Iwuala’s freshman numbers came in at 3.0 points per game and 3.4 rebounds with shooting splits of 40.6 percent from the field and 67.9 percent from the free-throw line. She did not attempt a single 3-point shot this season. Defensively she too has the mobility to cover a lot of ground. She slides her feet well, does well on switches and is always communicating.

“Being thrown right into this, I feel like the coaches have been really huge in the outside part of basketball,” Iwuala said. “Just talking me through, keeping my emotions in check and just holding me up to the standards to be the next person up. I feel like that balance between off the court and also on the court has helped me.”

While the Bruins have had preparation with tough interior players in the Pac-12, there’s really nothing to prepare them for the challenges that South Carolina and Aliyah Boston bring inside. Perhaps fortunately for UCLA’s frontline, they’ve seen her once before in a November non-conference matchup that saw them actually leading at the half.

Iwuala didn’t play in that game but Sontag did using up all five of her fouls while contributing two blocked shots and a couple of rebounds. For the Bruins to have any prayer of chance the second time around, they’re going to need production on both ends from their freshmen centers.

They appear up to the challenge, though. And as their development continues, they can make a case for being one of the top up-and-coming frontcourt rotations in the country even as the Bruins prepare to make the move to the Big 10 Conference.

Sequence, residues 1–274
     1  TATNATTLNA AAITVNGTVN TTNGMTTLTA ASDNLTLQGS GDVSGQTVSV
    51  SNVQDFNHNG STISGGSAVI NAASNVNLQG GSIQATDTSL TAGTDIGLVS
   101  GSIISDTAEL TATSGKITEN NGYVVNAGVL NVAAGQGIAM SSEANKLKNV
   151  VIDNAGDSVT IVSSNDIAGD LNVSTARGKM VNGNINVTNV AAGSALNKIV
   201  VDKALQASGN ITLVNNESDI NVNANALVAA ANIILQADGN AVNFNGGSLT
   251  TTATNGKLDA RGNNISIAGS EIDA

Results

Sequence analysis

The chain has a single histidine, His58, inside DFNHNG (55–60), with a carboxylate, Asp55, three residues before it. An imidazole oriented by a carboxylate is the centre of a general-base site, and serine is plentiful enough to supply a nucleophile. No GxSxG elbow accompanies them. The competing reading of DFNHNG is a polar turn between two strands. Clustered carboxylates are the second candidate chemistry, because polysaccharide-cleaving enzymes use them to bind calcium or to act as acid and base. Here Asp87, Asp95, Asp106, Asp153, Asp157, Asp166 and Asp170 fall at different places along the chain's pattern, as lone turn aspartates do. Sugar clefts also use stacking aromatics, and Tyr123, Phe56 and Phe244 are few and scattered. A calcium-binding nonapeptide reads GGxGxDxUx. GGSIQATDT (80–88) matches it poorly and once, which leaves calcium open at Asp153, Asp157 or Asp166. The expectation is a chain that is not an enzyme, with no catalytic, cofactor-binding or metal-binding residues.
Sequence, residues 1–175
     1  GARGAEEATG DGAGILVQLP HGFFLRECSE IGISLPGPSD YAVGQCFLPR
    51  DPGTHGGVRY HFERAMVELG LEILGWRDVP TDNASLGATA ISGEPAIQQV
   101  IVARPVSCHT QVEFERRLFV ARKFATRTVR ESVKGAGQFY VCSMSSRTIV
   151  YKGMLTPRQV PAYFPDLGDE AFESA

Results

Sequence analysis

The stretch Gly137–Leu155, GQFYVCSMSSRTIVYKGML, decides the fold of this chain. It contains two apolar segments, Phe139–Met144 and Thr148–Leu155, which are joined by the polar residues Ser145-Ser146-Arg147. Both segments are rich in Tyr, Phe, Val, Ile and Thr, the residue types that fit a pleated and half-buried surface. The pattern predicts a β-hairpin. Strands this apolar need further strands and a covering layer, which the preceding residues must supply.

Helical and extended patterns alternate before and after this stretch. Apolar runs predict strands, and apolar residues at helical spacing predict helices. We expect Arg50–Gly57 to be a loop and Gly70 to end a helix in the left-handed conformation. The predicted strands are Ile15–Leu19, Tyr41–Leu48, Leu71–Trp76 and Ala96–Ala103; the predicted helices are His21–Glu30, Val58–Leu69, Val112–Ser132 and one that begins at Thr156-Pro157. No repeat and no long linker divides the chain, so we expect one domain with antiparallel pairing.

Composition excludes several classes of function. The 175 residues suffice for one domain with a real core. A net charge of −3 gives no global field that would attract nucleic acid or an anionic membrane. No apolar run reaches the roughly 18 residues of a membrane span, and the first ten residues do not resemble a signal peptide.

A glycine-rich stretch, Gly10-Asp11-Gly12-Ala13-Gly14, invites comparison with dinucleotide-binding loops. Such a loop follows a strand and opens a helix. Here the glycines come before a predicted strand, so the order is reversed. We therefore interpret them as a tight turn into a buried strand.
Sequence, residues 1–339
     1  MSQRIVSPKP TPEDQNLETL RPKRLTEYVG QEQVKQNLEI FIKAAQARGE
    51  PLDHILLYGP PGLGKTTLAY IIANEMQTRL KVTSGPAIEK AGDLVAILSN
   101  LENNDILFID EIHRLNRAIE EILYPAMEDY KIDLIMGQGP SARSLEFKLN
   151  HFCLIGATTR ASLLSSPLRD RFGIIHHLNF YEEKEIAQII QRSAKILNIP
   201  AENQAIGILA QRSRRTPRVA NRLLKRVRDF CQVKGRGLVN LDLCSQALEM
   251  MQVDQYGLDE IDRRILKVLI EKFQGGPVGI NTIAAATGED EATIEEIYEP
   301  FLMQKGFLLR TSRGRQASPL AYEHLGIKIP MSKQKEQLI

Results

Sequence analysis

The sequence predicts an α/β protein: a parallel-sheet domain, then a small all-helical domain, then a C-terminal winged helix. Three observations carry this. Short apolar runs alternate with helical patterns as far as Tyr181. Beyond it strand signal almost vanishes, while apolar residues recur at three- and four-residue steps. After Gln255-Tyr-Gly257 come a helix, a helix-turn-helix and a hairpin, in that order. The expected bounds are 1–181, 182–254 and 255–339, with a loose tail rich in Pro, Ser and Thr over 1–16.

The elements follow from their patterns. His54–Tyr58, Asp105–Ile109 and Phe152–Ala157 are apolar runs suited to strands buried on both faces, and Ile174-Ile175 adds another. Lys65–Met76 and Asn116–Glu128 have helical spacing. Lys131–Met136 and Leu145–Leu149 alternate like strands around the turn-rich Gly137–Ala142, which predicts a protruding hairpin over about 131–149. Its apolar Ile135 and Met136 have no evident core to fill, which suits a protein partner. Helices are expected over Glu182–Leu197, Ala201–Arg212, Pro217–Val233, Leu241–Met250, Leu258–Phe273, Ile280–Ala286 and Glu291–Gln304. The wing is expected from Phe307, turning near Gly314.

“We still have a lot of work to do, obviously, as freshmen and we have to get used to the physicality of the game here. It’s very different from high school or like me from Germany,” Sontag said. “I think if we keep working on that, it’s gonna be unstoppable. . .we’ve been growing so much. . .we’ve been getting better at defending without fouling in the post. If we just keep growing that, it’s going to be hard for any other team to score on us.”

And as Iwuala put it, there’s no limit to what the duo can accomplish.

“I feel like the sky is the limit for us. We both have the mindset of just whatever’s best for the team,” Iwuala said. “With that mentality, I don’t feel like there’s anything that could really stop us from growing.”

David has been with The Next team since the High Post Hoops days when he joined the staff in 2018. He is based in Los Angeles and covers the LA Sparks, Pac-12 Conference, Big West Conference and some high school as well.


  1. Jose L Loera on March 24, 2023 at 6:23 pm

    Kinda of curious how tall each is since the focus of the article is the size they bring to the post. Didn’t see their height in the article.